NYC Gifted and Talented: Sample Test Questions

The NYC Gifted and Talented test is administered by the New York City Department of Education (DOE) to determine which children aged between 4 and 7 year old will be admitted to the NYC Gifted and Talented Program. Testing for the gifted and talented programs in NYC is offered for students entering Kindergarten through 3rd grade.

The test has two components, which are derived from two widely-used assessments that measure a child’s cognitive aptitudes: the Otis-Lennon School Ability Test (OLSAT®8) and the Naglieri Nonverbal Ability Test (NNAT2®).

In this article, we provide you with gifted and talented sample test questions for 4-6 year olds (Kindergarten and 1st grade entry), as well as links to further information on question types, section strategies, and other resources.

NYC G&T Test (Entry Into Kindergarten & 1st Grade)

The NYC Gifted and Talented test for Kindergarten and Pre-K children is a challenging test, as the average young student will be unfamiliar with the types of questions that he or she will encounter on the test.

The best way to help your child prepare for the test is to practice with some sample gifted and talented test questions so she or he can become familiar with what to expect on the day of the exam.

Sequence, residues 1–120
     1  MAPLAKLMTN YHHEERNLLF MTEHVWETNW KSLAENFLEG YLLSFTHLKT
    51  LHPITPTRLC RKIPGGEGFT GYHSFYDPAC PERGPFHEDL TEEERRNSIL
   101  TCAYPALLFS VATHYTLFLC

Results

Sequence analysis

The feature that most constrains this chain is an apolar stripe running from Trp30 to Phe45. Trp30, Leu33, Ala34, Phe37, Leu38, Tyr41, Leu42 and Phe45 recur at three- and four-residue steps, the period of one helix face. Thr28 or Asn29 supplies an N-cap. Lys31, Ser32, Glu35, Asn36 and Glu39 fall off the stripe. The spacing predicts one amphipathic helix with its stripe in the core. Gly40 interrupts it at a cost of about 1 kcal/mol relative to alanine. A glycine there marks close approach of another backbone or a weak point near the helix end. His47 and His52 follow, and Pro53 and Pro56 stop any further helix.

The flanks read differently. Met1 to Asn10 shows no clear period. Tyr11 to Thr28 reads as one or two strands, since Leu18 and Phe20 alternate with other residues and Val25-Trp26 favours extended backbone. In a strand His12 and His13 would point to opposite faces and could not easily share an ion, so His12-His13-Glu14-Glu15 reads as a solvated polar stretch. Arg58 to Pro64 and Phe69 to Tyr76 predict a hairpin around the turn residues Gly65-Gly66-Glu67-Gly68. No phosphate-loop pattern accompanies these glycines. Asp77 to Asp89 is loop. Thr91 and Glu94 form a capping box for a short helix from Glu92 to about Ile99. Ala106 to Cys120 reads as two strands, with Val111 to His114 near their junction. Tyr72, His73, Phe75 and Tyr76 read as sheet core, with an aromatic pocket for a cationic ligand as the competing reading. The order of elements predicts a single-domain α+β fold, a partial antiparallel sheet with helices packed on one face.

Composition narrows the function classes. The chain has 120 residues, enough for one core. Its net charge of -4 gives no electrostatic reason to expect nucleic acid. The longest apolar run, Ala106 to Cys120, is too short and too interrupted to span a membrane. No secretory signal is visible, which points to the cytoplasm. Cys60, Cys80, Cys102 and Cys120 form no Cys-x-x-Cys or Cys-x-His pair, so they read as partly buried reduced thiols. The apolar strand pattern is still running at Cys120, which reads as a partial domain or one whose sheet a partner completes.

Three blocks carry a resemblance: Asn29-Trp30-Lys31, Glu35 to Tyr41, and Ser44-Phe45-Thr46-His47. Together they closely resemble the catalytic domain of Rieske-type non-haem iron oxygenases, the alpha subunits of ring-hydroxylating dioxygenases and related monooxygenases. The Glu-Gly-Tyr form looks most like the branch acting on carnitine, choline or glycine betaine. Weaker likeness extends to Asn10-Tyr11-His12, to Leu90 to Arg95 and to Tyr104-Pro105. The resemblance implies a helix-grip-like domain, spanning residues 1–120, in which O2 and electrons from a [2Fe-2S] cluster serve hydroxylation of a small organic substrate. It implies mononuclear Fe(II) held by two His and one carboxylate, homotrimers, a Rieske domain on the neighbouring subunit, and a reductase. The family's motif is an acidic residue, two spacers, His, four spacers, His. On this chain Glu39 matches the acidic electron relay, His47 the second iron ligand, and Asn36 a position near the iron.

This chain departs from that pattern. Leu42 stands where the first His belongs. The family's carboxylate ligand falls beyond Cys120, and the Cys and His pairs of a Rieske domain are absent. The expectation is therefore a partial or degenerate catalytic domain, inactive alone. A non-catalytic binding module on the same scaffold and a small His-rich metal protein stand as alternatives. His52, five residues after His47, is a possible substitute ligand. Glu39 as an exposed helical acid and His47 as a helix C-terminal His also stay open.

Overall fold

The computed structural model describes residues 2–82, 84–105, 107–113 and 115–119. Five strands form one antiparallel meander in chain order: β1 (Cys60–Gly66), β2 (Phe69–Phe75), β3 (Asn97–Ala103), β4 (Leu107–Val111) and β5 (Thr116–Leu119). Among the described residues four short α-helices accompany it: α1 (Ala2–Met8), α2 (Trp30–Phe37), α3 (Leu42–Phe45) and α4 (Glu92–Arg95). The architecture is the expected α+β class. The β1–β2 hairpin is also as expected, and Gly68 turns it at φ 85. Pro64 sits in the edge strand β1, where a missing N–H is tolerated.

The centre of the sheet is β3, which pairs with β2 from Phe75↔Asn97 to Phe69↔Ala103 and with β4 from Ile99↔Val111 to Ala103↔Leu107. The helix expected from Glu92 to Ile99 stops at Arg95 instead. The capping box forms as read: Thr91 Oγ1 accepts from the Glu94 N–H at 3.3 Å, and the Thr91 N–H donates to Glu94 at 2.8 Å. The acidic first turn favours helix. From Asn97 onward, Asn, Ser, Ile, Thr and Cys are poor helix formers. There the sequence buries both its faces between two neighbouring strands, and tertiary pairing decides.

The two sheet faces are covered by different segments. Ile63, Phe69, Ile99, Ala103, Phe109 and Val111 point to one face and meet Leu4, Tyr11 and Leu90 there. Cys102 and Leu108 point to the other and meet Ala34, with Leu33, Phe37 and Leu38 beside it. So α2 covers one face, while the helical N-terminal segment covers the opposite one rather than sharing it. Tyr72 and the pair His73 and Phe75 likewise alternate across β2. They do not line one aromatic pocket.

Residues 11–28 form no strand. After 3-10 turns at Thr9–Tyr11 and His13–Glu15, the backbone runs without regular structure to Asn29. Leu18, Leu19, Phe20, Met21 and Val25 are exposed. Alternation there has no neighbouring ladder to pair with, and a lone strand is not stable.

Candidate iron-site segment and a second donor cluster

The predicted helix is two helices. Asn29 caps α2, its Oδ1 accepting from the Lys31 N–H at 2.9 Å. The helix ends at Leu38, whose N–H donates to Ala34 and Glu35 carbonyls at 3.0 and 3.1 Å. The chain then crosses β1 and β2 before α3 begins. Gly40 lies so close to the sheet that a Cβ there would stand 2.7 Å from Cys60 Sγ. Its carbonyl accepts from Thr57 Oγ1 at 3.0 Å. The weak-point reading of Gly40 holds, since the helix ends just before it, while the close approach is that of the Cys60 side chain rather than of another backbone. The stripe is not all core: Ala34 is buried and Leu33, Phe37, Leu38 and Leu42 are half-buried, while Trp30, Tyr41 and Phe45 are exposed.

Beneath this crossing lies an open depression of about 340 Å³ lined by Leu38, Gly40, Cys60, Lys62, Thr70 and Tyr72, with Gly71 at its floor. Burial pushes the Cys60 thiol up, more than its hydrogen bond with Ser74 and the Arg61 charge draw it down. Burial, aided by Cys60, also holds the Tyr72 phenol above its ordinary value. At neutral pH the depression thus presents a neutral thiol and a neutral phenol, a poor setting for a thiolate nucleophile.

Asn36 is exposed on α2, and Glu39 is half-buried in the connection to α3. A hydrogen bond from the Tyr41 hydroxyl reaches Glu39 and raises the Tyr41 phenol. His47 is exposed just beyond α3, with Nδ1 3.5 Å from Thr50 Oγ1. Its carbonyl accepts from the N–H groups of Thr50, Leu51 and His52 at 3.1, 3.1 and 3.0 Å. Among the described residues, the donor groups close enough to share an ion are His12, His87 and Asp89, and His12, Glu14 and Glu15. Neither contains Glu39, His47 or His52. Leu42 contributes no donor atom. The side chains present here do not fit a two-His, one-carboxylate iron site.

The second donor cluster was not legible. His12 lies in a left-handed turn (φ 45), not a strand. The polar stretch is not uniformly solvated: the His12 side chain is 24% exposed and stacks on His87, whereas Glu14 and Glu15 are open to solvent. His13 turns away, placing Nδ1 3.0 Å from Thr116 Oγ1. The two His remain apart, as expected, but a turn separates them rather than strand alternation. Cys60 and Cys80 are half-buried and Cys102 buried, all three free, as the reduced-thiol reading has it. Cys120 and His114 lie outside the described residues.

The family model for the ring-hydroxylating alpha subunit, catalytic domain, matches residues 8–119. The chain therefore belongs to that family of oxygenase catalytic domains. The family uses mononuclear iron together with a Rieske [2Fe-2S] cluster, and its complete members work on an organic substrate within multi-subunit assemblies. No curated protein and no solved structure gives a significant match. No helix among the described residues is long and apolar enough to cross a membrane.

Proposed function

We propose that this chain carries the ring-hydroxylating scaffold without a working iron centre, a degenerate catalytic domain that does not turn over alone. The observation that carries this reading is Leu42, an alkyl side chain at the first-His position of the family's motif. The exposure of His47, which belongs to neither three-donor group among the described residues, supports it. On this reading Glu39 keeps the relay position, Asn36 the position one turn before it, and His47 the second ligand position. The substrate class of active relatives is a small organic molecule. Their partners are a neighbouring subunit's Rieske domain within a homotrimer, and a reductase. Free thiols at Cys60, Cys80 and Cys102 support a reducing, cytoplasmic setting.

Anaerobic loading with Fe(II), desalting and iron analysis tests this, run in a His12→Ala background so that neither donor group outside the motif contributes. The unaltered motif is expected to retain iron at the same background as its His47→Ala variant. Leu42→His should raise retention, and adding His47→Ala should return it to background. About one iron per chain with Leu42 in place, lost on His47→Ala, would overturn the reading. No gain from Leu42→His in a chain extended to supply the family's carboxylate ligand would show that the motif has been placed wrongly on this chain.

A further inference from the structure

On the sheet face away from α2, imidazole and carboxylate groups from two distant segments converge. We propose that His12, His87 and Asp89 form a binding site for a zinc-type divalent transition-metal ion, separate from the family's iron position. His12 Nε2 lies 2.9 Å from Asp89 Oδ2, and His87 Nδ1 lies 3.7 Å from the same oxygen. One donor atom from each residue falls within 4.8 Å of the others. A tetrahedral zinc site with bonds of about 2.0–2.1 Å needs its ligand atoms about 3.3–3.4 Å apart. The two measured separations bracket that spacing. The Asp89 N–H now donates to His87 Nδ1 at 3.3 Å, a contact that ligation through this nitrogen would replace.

It’s also important to support your child by teaching strategies that can help him or her perform optimally and not get discouraged by difficult questions faced during the test.

So what will your child see when he or she sits down to take the gifted and talented test? To help familiarize you and your child with the different question types, we feature below some sample questions reflecting each of the question types on the test.

Naglieri Nonverbal Abilities Test (NNAT2®): Sample Questions

The 48-question NNAT part of the test measures the abilities of children to reason and problem solve using nonverbal test items.

In particular, the NNAT tests pattern completion, reasoning by analogy, serial reasoning, and spatial visualization. This assessment accounts for 50 percent of the final score on the NYC gifted and talented test. Each question type on the NNAT involves the following steps:

  • The student is presented with a picture of a matrix.
  • The student must observe and detect the relationship among the parts of the matrix.
  • The student must solve the problem based on the information shown to her within the matrix, and choose the correct answer from five possible options.


With this question type, the child is presented with a design in a rectangle. Inside the large rectangle is a smaller white rectangle representing a missing piece that completes the design. The child must choose the answer that best fits the inner rectangle so that the missing parts complete the design.



With this question type, the child is presented with a matrix of 4-6 boxes containing objects, usually geometric shapes.

To solve the problem, the child must determine how the object changes as it moves across the row and down the column in the matrix. The question may require that the student pay close attention to several aspects of the design (e.g: shading, color, shape) at the same time.